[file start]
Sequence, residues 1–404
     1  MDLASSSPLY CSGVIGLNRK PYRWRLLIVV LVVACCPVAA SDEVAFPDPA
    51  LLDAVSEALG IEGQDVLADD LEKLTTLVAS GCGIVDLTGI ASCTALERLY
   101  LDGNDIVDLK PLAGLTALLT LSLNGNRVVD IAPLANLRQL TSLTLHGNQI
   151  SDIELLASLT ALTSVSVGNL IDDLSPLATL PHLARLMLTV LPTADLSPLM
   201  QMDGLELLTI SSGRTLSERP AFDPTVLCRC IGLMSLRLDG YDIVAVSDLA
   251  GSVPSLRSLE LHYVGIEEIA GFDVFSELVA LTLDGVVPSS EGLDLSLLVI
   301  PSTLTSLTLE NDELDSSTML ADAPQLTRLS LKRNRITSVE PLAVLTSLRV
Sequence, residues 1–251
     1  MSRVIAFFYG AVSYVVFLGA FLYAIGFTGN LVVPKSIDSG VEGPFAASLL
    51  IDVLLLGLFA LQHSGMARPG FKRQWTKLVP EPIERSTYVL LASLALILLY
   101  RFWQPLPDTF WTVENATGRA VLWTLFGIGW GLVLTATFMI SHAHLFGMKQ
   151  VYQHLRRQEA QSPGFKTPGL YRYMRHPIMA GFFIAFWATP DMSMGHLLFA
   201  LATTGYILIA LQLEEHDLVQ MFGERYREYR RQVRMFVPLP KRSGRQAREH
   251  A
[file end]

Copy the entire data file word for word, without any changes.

Sequence, residues 1–404
     1  MDLASSSPLY CSGVIGLNRK PYRWRLLIVV LVVACCPVAA SDEVAFPDPA
    51  LLDAVSEALG IEGQDVLADD LEKLTTLVAS GCGIVDLTGI ASCTALERLY
   101  LDGNDIVDLK PLAGLTALLT LSLNGNRVVD IAPLANLRQL TSLTLHGNQI
   151  SDIELLASLT ALTSVSVGNL IDDLSPLATL PHLARLMLTV LPTADLSPLM
   201  QMDGLELLTI SSGRTLSERP AFDPTVLCRC IGLMSLRLDG YDIVAVSDLA
   251  GSVPSLRSLE LHYVGIEEIA GFDVFSELVA LTLDGVVPSS EGLDLSLLVI
   301  PSTLTSLTLE NDELDSSTML ADAPQLTRLS LKRNRITSVE PLAVLTSLRV
Sequence, residues 1–251
     1  MSRVIAFFYG AVSYVVFLGA FLYAIGFTGN LVVPKSIDSG VEGPFAASLL
    51  IDVLLLGLFA LQHSGMARPG FKRQWTKLVP EPIERSTYVL LASLALILLY
   101  RFWQPLPDTF WTVENATGRA VLWTLFGIGW GLVLTATFMI SHAHLFGMKQ
   151  VYQHLRRQEA QSPGFKTPGL YRYMRHPIMA GFFIAFWATP DMSMGHLLFA
   201  LATTGYILIA LQLEEHDLVQ MFGERYREYR RQVRMFVPLP KRSGRQAREH
   251  A